Skip to main content

Please Select Your Country/Language Preferences

nVent PYROTENAX Fire-Rated Wiring Cables Excel in Independent Lab Test

nVent PYROTENAX Fire-Rated Wiring Cables Excel in Independent Lab Test

The results from an independent ISO 9001 certified laboratory test that compared the performance of certain UL 2196 Listed fire-rated wiring cables during fire conditions. The test measured whether the cables would release toxic or combustible gases while or after burning.


Testing beyond current UL 2196 protocols

The current UL 2196 standard requires that fire-rated wire cable systems retain electrical continuity following a two-hour fire exposure and subsequent hose stream test, but it does not address the presence of toxic and/or combustible gas created during a fire. The testing conducted by the third party laboratory found that some UL 2196 approved cables produce toxic smoke and combustible gases (also referred to as “off-gassing”) under fire conditions. These off-gases can then ignite and/or combust with forces similar to those of natural gas.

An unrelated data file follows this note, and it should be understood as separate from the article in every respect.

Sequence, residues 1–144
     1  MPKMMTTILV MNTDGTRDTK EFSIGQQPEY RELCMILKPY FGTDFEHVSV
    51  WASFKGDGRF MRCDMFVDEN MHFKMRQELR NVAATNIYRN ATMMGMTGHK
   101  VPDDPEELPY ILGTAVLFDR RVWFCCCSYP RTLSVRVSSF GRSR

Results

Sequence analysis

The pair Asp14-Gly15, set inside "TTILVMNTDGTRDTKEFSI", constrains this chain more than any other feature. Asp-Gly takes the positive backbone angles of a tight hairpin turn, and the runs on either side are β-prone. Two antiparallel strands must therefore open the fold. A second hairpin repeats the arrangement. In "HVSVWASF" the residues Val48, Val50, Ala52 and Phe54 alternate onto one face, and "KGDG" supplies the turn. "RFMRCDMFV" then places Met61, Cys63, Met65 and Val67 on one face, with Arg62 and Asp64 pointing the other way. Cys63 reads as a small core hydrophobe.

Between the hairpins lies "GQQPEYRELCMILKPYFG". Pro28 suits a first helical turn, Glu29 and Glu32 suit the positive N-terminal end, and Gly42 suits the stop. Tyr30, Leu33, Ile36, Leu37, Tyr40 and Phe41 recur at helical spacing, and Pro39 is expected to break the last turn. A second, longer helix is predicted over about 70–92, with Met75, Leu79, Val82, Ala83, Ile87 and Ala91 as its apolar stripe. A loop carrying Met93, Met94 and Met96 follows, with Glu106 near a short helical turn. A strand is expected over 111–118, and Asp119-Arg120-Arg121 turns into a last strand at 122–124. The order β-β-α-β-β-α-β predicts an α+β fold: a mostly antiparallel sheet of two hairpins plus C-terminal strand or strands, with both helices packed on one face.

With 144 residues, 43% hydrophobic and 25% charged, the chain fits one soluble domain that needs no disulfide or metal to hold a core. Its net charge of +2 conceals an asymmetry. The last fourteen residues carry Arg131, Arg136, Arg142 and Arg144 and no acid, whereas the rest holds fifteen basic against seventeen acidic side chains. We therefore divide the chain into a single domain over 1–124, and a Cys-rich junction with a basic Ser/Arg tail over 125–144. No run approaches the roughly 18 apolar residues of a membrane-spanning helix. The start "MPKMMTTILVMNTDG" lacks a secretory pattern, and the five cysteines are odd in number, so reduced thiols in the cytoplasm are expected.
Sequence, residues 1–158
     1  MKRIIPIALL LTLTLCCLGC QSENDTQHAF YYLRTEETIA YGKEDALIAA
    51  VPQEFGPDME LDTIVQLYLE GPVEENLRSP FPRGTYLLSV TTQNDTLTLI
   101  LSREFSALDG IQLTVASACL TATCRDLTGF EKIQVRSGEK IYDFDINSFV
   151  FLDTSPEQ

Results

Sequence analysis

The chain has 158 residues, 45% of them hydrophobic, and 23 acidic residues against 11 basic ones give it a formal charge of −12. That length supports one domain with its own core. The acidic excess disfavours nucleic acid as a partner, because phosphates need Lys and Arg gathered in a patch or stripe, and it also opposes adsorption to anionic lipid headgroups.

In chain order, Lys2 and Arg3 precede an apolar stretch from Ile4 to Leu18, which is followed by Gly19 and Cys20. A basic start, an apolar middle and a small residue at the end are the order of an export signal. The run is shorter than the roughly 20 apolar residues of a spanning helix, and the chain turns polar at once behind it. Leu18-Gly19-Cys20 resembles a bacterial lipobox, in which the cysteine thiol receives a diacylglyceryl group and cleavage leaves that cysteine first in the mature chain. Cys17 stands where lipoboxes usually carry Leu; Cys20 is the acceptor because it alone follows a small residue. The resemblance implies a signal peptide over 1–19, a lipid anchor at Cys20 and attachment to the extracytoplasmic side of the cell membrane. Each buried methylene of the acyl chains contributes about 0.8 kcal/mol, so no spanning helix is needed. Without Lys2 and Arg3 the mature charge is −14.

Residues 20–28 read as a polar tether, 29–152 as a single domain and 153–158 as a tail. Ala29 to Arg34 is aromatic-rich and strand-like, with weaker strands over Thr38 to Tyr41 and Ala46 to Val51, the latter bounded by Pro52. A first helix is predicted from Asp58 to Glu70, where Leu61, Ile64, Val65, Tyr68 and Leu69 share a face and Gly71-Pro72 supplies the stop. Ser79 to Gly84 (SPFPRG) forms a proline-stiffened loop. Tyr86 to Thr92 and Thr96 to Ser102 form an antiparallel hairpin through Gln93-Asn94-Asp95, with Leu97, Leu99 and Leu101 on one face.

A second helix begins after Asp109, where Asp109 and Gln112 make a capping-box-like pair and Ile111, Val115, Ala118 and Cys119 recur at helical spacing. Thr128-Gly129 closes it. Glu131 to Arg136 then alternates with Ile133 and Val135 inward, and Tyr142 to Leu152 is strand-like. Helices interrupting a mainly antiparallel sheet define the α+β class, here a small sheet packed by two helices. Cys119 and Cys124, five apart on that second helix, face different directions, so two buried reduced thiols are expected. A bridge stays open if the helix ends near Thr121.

Materials are critically important

The composition of the materials used in fire-rated cables affects performance during a fire. In the testing performed by the third-party lab, those cables that use organic materials in their insulation began to off-gas as the temperature increased. However, nVent PYROTENAX System 1850 fire-rated wiring cables, which are mineral insulated (MI) cables and constructed with inorganic insulation materials, including magnesium oxide, produce virtually no off-gases when heated. In addition to being an environmentally-friendly option, these cables’ insulation does not burn, produce smoke or contribute toxic and/or combustible gases to ongoing fire emergencies.


Mineral insulated cables uphold their properties during a fire

While testing for smoke and gas generation, combustibility and flammability, the third-party laboratory also observed the tested cables’ electrical integrity – the ability of the cables to maintain their mechanical strength. MI cables maintained almost all of their strength, while non-MI cables that were tested showed significant degradation at the conclusion of the experiment.

“With the availability of new knowledge on the shortcomings of Listed silicon rubber insulation based cables under fire conditions, and the availability of other Listed systems that do not produce toxic and combustible gasses under fire conditions, fire safety professionals have more facts to confidently specify the safest systems,” says Marty Lee, nVent Vice President of Product Management.

These findings have important implications for specifying engineers, fire marshals and for codes and standards committees.